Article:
Issue 17, Autumn-Winter 1957
(In August 1956, the American poet and playwright W. S. Merwin flew home after seven years in Europe. The notes that follow are taken from a journal he kept at the time.)
August 27, 1956, A barber shop in St. John’s Wood
They say that after seven years every cell in your body has changed. You are a different person.
I wish I could remember what day it was, in July 1949, that I landed in Genoa. Or the day (one or two days before?) when we first came in sight of the Spanish coast.
Strange, now I am going back, to think that I have been in Europe without a break, ever since I was a minor. Ever since I was twenty-one.
On the chart one does not see the long line of wanting to go back. Beginning in my case before I set out, and rising through delight and hostility and wonder and everything that has been the experience of Europe. The line rising clear off the chart at last and stabbing into the air above it, without footing, but without coming down, for how many years now?
Part of the confusion, once the desire to go back got off the chart, arose from the suspicion that this was simply, at least in part, the first shock of maturity: a realization that home, where you grew up and belonged—belonged with and without your own volition—no longer exists. The desire to return to it, the moment you know it no longer exists. I had been away long enough, and surrounded by Europeans thoroughly enough, to get these mixed up. European friends wondering, as they say, what I will make of it. Probably nothing at all. Wishing, they say, that they could be here, like a fly on the wall, to watch, when I get back. How can I explain that I do not want to go back in order to form opinions. That, unless I am very wrong, opinions will have nearly nothing to with the main thing of being back. Home is a place that does not exist, about which your opinions are irrelevant.
Aug. 27, 1956, 11 : 30 p.m., PAA Clipper Carib
It is nearly impossible, afterwards, to remember at what point I began to believe that I was really going. Believing comes elusively, not when you expect, most often, but both earlier and later, only gradually filling in the place where will be. Unpredictable, like a season changing.
It would come over me all at once that I was, say, sitting in that barber’s chair for the last time before I went. It would take the imagination by shock. The next minute I didn’t believe it at all. I was sure I’d go on and have the next haircut in that same chair, (with the barber who’d learned what I enjoyed was not having him talk to me, but having him carry on animated conversation with other customers, to which I could listen) and the one after that, and the one after that. When I got around to having haircuts at all. Somewhere else in the mind the imagination suddenly looks down the long vistas of time where one one will not lead.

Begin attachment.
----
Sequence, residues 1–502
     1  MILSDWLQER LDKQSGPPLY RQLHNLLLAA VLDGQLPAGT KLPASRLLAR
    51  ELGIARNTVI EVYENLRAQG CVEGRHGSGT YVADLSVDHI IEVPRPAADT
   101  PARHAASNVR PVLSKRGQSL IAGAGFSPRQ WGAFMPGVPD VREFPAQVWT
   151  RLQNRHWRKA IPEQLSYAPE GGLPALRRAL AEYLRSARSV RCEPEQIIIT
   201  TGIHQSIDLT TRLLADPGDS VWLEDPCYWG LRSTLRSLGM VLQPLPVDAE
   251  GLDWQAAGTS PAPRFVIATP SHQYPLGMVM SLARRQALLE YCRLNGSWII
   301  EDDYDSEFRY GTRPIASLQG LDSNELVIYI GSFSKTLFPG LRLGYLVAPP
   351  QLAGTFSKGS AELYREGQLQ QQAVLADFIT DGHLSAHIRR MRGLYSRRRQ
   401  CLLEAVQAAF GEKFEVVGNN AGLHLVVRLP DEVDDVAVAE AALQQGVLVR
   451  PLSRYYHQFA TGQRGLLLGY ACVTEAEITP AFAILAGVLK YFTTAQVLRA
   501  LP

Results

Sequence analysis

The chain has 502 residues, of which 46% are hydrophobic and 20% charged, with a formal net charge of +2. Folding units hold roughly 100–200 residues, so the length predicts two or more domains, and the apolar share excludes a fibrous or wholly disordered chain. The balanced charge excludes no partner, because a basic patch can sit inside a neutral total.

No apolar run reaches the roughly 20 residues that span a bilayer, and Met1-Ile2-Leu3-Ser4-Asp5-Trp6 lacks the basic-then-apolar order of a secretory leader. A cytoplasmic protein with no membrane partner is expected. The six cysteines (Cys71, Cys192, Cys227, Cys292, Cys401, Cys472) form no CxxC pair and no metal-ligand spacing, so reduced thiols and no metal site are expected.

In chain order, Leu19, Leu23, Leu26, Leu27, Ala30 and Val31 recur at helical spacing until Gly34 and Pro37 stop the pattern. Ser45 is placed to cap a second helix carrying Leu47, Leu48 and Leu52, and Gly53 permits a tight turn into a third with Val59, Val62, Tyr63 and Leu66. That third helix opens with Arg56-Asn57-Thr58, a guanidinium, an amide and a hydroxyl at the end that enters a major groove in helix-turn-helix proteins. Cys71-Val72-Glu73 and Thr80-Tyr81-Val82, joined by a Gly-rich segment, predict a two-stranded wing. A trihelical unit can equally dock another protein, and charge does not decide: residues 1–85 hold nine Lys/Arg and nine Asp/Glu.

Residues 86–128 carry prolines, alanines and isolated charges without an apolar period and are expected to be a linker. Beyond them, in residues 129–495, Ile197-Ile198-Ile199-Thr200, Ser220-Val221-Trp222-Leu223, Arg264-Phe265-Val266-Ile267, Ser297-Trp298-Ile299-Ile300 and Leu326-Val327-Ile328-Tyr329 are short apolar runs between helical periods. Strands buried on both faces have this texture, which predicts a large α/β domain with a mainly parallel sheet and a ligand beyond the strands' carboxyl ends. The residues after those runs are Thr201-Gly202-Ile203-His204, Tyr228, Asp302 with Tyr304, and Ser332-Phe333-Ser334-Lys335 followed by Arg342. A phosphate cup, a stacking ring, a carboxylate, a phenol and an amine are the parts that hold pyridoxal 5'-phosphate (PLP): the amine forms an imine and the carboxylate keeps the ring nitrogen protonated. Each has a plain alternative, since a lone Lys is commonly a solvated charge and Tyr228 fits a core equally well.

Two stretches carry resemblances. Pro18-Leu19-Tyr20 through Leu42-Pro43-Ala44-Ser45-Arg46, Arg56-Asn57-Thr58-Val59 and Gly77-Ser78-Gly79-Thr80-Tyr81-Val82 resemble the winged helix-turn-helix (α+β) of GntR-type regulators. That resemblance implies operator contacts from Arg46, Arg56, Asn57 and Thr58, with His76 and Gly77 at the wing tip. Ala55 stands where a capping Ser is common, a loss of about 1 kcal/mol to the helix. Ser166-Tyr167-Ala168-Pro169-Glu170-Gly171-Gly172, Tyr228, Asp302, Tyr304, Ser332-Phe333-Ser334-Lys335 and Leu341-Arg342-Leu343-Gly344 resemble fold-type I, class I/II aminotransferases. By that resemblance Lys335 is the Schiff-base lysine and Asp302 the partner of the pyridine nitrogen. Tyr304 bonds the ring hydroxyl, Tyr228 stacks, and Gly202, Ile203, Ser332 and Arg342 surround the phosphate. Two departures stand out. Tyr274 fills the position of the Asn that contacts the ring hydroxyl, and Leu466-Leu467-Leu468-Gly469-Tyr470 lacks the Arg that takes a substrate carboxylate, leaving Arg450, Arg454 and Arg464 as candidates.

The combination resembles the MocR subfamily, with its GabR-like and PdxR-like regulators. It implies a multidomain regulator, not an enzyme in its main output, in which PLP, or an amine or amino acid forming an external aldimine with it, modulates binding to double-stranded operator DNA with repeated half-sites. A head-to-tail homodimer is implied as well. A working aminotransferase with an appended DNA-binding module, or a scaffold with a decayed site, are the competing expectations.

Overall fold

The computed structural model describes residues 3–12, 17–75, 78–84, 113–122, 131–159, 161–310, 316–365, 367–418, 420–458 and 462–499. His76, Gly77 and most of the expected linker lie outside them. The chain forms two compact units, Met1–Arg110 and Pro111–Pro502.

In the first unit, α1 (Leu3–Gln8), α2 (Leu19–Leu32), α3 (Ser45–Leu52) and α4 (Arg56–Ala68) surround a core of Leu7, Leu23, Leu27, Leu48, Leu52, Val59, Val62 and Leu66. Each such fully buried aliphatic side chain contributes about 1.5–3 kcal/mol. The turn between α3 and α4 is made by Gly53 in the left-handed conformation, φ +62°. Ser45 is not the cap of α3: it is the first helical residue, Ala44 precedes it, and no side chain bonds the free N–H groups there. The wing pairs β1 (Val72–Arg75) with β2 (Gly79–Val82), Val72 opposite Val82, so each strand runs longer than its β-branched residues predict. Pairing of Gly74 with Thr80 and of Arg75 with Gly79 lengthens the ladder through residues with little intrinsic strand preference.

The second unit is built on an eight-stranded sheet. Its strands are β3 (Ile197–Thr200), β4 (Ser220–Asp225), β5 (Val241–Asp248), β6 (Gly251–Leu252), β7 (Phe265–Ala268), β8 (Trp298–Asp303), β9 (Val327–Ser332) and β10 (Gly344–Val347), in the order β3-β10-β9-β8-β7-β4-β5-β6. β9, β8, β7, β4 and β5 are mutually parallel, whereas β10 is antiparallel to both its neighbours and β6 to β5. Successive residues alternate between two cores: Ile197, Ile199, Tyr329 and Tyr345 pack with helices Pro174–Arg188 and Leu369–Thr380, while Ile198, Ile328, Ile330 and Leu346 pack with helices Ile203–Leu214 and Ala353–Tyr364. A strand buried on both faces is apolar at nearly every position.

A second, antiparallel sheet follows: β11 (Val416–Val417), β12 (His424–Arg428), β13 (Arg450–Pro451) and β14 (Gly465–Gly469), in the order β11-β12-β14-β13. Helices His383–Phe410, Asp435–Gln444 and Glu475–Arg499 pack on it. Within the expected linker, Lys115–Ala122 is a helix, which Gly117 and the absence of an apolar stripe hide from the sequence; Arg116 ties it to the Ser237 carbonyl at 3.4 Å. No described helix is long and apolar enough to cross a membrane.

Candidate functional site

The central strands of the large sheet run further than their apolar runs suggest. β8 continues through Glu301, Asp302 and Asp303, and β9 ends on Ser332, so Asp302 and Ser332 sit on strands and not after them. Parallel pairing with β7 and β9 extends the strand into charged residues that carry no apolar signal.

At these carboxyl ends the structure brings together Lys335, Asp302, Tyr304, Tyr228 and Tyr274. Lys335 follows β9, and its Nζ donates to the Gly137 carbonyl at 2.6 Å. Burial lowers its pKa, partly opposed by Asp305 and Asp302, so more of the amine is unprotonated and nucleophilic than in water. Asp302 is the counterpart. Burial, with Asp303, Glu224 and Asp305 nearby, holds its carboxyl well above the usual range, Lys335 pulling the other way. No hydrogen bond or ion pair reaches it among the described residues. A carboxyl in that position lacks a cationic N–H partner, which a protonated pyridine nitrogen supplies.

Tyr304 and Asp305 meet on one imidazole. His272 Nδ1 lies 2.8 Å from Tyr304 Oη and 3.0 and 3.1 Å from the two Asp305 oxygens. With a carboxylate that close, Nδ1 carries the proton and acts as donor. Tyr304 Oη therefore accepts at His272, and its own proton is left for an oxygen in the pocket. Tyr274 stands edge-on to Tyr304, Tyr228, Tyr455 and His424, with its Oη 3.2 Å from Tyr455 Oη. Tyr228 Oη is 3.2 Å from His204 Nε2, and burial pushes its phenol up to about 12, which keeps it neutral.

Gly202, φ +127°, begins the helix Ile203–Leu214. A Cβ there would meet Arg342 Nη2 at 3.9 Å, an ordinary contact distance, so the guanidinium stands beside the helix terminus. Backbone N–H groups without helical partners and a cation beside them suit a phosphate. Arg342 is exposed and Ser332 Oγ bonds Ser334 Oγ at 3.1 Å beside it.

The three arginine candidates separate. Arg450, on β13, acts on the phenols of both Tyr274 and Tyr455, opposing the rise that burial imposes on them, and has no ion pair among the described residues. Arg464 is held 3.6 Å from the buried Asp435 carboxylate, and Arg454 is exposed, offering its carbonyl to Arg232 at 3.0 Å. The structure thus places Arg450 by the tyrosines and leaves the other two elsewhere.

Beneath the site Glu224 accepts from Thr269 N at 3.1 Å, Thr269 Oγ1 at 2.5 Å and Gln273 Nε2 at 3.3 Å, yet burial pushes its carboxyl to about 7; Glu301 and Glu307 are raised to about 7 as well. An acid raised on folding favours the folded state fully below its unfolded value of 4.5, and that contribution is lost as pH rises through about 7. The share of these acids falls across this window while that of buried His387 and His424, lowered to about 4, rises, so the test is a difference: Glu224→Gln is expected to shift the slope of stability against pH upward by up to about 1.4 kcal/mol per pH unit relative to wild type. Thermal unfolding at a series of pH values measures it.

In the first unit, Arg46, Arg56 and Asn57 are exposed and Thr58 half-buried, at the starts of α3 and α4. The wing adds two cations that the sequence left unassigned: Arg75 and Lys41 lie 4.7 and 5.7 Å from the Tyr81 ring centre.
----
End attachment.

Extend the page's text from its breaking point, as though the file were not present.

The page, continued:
And twenty-four hours before I was due to go, when everything was reminding me that it was happening for the last time—a rhythm that had gathered speed until it was unbroken—I would find myself going through the motions of the place’s most familiar habits, and not be able to believe.
I was sure I was going in a thin way like a hum in your ears, yesterday, as the desk gradually grew bare and everything in the study was either packed or put away. Not feeling anything about it but a certain emptiness independent of the emptying room; but sure. Feelings? I suppose they were there, after all, but like beasts patient as immigrants, to move in on the emptiness when their time came.
And sure yesterday as my key-case kept getting lighter, and the keys one by one were used for the last time and then packed in intelligent places where I will never be able to find them again, or left with D.
Then with all but a few things done, except things that could wait till the last minute, or things that would take too long anyway and must be abandoned, suddenly finding that everything was ready. And time all at once was heavy. Between the intense activity of getting ready, and the farewells and rush of getting off, time was heavy. More so not because I was anxious to go. I’d forgotten that, days before. A week ago. But because of all reasons I did not want to go; above all because I did not want to leave D. Wanted not to be going, but since I was going wanted to be gone. How different from most times when I’ve been going somewhere, thinking almost entirely of where I was going, savoring the whole trip, from the moment I was ready to go. Different entirely from when I left America, for I didn’t know how long, seven years ago. Even though a great part of me wanted to stay in America then, and even had an array of reasons. (Why go to Europe when I knew so little of America?) I imagine part of the .difference is this: that, apart from D., I know just how much, and in what ways I’m fond of Europe, but I didn’t know what I felt about America. I regretted leaving, before I had even gone, but I didn’t know what I’d really miss until I’d been away for some time. Foreign places, however familiar, defining your feeling about home. But stay away too long and you’re bound to confuse that with homesickness. (Which I never in my life felt, except in the mildest ways, until these last few years. Unprepared for it.)